Someone Else Was Driving My Car and Got Into an Accident

Written by Jobeth Bowers. Posted in .

Nobody wants to get a call saying that your car was involved in an accident when you weren’t even driving. Still, it happens every day in Maryland. After you ensure that everyone receives any necessary medical attention and the person with your permission to drive your car isn’t hurt, your mind immediately turns to how it will affect you and your car insurance policy.

It will likely affect you, but how much depends on several factors. Take a look at how state law works in terms of someone getting into an accident while driving another’s vehicle, and learn how a Maryland car accident attorney can help you.

What Are the Immediate Steps to Take if Somebody Else Gets in a Car Accident With Your Car?

The first step to take when someone gets in a car crash in Cecil County, including Chesapeake City, North East, Perryville, Port Deposit, Rising Sun, Elkton, or anywhere else in Maryland while driving your motor vehicle is to document the account of the accident, including the contact information of any witnesses your friend or family member may have received. You will need to file a report and insurance claim with your car insurance company, and knowing what happened is essential. Next, check your car insurance policy to familiarize yourself with your collision coverage, deductible, liability coverage, policy limits, excluded driver clauses, and other auto insurance policy information.

The next step you should take before you even call your insurance company is to call a car accident lawyer. Time is always of the essence due to Maryland’s laws and codes. The state has a strict statute of limitations, and your insurance coverage probably has requirements on how soon you must file a claim.

To request a free consultation about your automobile insurance, call or text 667-220-6500 or complete the online contact form to speak with an experienced Maryland car accident lawyer at Bowers Law today.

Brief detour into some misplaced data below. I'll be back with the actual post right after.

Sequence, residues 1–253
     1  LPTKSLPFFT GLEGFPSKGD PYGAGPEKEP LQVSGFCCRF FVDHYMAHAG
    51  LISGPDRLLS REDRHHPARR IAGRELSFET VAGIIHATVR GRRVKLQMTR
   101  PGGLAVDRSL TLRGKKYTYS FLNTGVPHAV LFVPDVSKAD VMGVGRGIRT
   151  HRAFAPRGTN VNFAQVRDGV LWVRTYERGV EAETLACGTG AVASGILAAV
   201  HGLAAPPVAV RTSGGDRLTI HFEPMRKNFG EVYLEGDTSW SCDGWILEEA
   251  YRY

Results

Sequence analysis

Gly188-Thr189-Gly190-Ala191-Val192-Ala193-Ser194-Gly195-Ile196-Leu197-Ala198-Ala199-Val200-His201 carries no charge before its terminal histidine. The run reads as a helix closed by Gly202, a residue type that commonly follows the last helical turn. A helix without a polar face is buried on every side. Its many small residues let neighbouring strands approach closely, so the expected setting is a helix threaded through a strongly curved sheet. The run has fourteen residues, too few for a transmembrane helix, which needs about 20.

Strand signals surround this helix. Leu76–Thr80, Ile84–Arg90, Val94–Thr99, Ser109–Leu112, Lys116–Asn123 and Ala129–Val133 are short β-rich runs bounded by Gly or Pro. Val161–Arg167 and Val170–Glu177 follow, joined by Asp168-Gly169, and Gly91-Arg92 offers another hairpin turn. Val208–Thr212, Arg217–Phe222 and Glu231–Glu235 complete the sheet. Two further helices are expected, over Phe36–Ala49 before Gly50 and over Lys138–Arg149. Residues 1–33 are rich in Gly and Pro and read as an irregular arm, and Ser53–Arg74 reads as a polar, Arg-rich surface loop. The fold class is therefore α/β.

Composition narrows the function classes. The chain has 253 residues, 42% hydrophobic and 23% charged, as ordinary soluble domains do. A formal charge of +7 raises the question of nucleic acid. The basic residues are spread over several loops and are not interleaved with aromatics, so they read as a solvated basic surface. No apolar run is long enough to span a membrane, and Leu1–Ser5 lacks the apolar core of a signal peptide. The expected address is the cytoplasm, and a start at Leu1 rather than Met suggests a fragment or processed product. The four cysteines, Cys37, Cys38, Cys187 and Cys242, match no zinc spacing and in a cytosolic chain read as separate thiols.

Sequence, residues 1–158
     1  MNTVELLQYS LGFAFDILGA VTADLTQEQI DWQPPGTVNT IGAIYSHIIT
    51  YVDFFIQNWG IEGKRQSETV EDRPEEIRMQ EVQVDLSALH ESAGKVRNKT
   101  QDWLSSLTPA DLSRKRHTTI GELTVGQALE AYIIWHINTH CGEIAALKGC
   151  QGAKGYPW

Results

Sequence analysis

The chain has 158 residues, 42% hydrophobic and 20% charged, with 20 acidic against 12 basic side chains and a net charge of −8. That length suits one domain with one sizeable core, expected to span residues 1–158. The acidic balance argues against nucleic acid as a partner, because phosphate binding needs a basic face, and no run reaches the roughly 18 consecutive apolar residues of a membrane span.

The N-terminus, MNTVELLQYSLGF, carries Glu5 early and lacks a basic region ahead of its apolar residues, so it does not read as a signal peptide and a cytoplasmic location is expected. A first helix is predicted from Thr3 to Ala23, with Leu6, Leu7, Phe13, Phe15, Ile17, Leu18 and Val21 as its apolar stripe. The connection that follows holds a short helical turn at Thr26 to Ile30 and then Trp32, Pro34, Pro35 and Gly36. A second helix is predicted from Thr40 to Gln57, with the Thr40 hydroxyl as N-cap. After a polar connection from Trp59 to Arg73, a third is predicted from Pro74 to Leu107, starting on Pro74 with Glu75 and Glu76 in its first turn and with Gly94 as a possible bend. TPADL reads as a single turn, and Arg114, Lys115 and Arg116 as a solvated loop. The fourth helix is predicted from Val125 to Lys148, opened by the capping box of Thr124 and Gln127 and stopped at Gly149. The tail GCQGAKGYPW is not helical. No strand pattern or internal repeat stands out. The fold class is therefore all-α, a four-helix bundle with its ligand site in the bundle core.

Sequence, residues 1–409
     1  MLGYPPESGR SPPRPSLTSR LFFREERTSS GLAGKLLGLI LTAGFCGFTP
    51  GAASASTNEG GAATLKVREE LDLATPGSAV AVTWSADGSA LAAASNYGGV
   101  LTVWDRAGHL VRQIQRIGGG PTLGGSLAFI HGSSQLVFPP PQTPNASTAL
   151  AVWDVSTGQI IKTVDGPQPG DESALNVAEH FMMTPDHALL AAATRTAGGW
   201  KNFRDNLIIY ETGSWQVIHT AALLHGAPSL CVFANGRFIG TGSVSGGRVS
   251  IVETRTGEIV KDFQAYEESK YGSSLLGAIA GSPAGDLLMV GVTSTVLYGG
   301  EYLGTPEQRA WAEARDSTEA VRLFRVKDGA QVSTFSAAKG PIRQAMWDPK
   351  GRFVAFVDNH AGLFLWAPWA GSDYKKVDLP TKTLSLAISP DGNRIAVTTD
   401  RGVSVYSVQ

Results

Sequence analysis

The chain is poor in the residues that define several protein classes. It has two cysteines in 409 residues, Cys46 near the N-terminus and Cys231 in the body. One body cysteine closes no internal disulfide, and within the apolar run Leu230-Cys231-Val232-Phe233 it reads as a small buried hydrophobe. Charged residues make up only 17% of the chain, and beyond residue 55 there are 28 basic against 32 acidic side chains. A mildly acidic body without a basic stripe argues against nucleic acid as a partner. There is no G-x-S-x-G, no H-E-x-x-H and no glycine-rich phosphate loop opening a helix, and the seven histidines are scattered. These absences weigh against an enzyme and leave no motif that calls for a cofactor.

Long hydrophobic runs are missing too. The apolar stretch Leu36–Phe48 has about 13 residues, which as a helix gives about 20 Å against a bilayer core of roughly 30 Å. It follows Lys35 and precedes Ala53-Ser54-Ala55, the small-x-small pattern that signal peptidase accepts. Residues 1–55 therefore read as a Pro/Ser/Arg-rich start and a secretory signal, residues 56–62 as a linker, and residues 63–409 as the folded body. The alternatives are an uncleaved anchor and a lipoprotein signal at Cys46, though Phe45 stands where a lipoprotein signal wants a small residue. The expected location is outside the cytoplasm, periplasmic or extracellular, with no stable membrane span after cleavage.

Who Is Liable if Someone Else Gets in a Car Accident in Your Car?

According to Maryland auto insurance laws, liability insurance held by a vehicle owner also applies to family members or non-family members who are driving the vehicle with the permission of the policyholder. This means your car insurance will likely cover any permissive use of your vehicle. If your family member or friend is the driver of your car and has an accident, they’re covered just as if it was you driving your own car.

Liability, however, comes down to who was at fault for the car crash. If the motorist driving your car was at fault, your own insurance company covers the accident. If someone else caused the accident, the at-fault driver’s insurance would be liable to pay.

Essentially, the car owner’s insurance covers the accident, not the driver’s insurance. Car accident claims, however, can be very complicated, and it’s important to have the knowledge and assistance of a personal injury lawyer that works extensively with car crash cases.

What Is Permissive vs. Nonpermissive Use of My Vehicle?

Car thief breaking into a car

Permissive use of a vehicle simply means that the person operating your vehicle has your permission to do so. Most insurance policies in Maryland will cover any drivers who are named on the policy’s primary coverage, or those who have the car owner’s permission to operate the motor vehicle. In short, if you approve of them driving, your insurance company will likely cover them.

Non-permissive use means that whoever was operating the vehicle did not have your permission. This extends to people who were driving under the influence of alcohol or intoxicants, or who do not own a valid driver’s license. It is also possible to specifically exclude drivers from your policy. If excluded, they would automatically be considered non-permissive use even if you actually gave them permission to drive your vehicle.

If the Driver Has Their Own Insurance, Do I Have to Report the Accident to My Insurance Company?

The general rule in Maryland is that the insurance follows the car, not the driver. This means that if someone else is driving your vehicle with your permission, even if they have their own insurance, your insurance company is the one who will pay for the accident. In essence, by giving another person permission to drive your car, you are accepting responsibility for their use of your car. Any requirements or restrictions on your insurance policy that would apply if you drive the vehicle still apply if someone else is driving.

This means that, yes, you must report the accident to your insurance company if someone else is driving your car. Many people fear that doing so might cause a rise in their car insurance rates, and it may happen, depending on the individual circumstances of the accident.

In some cases, the driver’s insurance may kick in if yours won’t cover the total cost of the accident. This depends on the individual circumstances, but the driver’s insurance can end up being a sort of “backup” or secondary source of coverage that kicks in if needed.